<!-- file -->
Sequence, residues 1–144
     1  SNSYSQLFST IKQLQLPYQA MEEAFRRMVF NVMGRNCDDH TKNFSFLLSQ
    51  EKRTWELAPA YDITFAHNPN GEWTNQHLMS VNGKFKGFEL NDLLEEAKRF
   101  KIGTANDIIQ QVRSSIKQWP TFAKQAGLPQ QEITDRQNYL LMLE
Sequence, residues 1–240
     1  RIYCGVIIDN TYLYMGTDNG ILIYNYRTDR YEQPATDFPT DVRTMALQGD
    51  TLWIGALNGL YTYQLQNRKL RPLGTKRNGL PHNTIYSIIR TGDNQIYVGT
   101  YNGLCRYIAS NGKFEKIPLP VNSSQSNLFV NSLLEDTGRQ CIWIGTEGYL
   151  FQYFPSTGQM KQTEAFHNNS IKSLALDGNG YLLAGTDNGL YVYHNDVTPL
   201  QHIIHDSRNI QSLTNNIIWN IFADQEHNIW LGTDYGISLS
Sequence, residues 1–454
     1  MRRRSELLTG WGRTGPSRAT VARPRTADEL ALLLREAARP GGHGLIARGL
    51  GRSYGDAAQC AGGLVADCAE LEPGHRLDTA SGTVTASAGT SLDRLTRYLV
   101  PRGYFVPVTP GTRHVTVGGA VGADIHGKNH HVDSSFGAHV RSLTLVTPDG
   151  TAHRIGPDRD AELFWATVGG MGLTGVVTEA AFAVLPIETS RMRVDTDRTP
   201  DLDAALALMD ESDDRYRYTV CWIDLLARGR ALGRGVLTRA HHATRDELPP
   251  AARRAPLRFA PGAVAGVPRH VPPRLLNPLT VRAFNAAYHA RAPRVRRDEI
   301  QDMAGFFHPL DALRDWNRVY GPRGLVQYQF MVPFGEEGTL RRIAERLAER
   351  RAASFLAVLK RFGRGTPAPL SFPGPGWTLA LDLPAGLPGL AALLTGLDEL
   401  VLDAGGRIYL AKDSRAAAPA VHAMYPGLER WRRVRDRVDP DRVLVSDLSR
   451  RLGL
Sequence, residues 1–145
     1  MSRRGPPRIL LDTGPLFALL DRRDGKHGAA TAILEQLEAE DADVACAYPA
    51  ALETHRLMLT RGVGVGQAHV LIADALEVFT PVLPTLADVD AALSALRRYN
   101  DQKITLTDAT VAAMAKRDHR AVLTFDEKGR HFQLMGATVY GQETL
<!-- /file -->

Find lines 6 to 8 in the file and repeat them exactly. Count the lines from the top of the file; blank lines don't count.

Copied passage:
     1  RIYCGVIIDN TYLYMGTDNG ILIYNYRTDR YEQPATDFPT DVRTMALQGD
    51  TLWIGALNGL YTYQLQNRKL RPLGTKRNGL PHNTIYSIIR TGDNQIYVGT
   101  YNGLCRYIAS NGKFEKIPLP VNSSQSNLFV NSLLEDTGRQ CIWIGTEGYL